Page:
I returned for a few hours on Saturday and spent some time moving the materials from the store to the site in order that more benches could be put together. The other job was cutting off the tips of the sail bases as they had been cut just 1 cm too long to fit.

I really enjoyed my time with the Wayward Plant team and the other volunteers. And guess where the vegetable plants are being grown for the exhibition…. yup, OrganicLea! It’s a small world when you’re in the urban growing scene in London, and it’s nice to be involved.

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7 thoughts on “Queens Walk Window Gardens

  1. Another great post, Al. The Southbank has some fantastic events. Lots of news about gardens at the moment as one friend was organising a ‘Chelsea Fringe’ event in Shepherd’s Bush on Sat called Edible Askew Road. All the local businesses sponsored fruit trees for special tubs in front of their shop and they had childen’s competitions etc. And our neighbour is organising a similar edible street display in Twickenham for the Twickenham River Festival in June. Kew has an huge Edible exhibition starting next week so edible is flavour of the month (pun intended!). xx

    • It’s great isn’t it! So much going on in London this summer. Thanks for the heads up on the Edible Kew exhibition, i’ll have to check that out x

  2. Hi Al Love the Window Gardens project, we are going to The National next week, so will go and have a look, and take all our friends along to look too. Luckily we are going to a matinee, so it will be daylight!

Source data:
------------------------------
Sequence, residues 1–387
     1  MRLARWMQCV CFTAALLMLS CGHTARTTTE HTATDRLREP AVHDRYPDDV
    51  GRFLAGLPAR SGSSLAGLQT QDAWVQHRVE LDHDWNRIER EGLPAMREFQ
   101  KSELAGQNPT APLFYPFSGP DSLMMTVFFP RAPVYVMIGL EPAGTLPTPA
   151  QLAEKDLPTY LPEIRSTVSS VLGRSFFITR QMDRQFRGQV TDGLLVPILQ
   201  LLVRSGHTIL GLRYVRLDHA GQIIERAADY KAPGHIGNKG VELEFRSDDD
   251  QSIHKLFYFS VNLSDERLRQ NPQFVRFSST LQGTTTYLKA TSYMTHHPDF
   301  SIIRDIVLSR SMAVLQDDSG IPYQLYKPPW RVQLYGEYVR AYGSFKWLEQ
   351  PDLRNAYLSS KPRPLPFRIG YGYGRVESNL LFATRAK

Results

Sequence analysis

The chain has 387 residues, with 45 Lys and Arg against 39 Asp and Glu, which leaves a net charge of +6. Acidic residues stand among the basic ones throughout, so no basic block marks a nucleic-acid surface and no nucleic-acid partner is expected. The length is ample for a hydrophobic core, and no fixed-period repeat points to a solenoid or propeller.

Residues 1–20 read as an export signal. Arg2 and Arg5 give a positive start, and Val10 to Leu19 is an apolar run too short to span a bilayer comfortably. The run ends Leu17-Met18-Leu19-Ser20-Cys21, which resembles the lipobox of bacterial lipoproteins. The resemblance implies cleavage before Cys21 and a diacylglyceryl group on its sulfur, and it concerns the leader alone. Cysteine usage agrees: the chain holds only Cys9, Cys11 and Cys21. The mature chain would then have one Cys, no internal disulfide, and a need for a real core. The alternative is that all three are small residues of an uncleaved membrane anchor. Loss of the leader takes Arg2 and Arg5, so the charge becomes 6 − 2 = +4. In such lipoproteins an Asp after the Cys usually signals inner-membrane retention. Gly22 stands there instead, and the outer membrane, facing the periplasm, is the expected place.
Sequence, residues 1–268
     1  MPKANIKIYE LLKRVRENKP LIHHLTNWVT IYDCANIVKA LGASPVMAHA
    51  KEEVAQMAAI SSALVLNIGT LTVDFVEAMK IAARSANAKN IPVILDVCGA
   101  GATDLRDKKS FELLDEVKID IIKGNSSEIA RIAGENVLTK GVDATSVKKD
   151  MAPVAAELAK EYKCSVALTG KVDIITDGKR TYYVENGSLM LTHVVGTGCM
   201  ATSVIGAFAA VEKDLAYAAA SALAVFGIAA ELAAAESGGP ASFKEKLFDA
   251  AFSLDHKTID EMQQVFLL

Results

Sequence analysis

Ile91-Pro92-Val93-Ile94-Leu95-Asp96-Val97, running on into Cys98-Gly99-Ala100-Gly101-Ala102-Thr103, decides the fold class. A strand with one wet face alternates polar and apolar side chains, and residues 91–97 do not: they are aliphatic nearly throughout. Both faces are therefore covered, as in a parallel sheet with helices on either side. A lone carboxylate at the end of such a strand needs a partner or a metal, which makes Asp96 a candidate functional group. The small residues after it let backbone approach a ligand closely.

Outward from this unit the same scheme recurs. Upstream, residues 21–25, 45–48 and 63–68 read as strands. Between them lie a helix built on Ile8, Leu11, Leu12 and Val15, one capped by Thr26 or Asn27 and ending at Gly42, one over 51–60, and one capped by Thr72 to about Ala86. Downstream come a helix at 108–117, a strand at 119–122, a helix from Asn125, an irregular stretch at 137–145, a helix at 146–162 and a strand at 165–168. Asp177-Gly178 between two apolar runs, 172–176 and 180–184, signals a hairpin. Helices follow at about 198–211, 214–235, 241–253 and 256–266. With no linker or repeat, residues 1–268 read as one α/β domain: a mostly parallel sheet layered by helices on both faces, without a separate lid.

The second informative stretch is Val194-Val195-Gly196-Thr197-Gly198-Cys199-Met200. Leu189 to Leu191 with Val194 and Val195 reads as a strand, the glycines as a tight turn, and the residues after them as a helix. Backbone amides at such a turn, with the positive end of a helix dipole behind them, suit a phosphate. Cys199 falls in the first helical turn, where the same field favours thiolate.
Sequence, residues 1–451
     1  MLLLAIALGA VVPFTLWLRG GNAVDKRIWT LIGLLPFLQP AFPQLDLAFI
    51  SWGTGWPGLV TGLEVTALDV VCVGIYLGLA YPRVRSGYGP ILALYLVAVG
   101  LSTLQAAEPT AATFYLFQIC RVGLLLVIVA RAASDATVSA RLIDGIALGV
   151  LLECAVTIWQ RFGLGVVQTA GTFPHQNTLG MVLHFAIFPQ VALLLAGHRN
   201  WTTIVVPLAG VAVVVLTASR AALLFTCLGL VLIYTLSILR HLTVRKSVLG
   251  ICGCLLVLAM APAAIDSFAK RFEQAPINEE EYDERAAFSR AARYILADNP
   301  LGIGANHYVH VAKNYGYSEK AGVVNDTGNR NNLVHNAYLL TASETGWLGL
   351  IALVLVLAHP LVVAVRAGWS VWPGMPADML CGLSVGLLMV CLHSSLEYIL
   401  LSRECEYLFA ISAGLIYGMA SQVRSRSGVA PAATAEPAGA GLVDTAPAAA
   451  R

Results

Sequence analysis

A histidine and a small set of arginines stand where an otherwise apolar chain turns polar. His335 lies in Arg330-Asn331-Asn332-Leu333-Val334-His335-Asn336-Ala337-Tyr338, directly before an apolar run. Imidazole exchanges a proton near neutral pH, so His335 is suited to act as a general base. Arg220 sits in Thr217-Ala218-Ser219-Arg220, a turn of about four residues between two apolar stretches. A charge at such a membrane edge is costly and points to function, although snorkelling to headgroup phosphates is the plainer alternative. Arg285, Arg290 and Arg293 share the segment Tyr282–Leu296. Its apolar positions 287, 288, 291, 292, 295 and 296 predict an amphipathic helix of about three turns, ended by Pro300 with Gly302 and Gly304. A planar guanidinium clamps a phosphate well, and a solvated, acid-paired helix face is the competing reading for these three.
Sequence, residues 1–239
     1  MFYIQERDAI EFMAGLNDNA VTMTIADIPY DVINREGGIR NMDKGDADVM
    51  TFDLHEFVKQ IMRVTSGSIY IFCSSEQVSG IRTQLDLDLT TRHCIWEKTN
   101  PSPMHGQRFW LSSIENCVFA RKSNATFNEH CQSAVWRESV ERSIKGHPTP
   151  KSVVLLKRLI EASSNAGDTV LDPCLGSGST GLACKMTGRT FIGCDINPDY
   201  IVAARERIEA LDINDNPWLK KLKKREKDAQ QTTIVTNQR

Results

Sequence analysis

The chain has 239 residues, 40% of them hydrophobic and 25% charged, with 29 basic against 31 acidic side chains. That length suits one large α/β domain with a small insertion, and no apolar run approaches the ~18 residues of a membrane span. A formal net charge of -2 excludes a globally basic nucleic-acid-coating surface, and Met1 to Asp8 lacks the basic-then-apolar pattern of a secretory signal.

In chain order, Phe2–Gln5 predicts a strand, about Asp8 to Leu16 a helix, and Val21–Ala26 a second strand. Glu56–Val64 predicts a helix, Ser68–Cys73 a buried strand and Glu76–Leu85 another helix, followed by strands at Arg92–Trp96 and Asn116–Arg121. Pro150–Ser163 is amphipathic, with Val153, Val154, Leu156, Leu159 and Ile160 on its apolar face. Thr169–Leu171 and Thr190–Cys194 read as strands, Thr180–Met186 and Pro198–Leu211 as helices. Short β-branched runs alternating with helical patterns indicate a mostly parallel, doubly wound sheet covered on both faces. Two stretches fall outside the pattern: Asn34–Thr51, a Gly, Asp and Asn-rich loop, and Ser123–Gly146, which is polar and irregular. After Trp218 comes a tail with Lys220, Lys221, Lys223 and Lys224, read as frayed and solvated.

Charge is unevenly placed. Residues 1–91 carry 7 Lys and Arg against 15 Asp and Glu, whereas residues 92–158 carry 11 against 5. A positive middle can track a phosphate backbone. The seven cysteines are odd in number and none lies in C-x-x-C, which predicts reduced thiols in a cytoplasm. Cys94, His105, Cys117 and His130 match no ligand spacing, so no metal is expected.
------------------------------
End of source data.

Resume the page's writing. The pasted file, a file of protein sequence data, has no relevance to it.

We are coming to see the cork Tetrashed on Wednesday morning ? Perhaps see you at lunchtime if you are free.

    Don’t forget to send us details of the dungarees you would like.

    Lots of love

    Nicky & Richard xxx

  3. Darling Alice, are you having a super day? At least the weather is being kind. I’ve just come in from the garden because it was too hot. Thank you for your card & message .I’ve decided not to grow tomatoes this year. It looks as though you may have enough for all of us.! Our lunch in Folkestone was a great success We all said we would go there again.. Going to have a read now.. The washing has dried outside for the first time this year. Such a treat to be bleached in the sun .L.O.L.& a big hug. G.xxx

    Sent from my iPad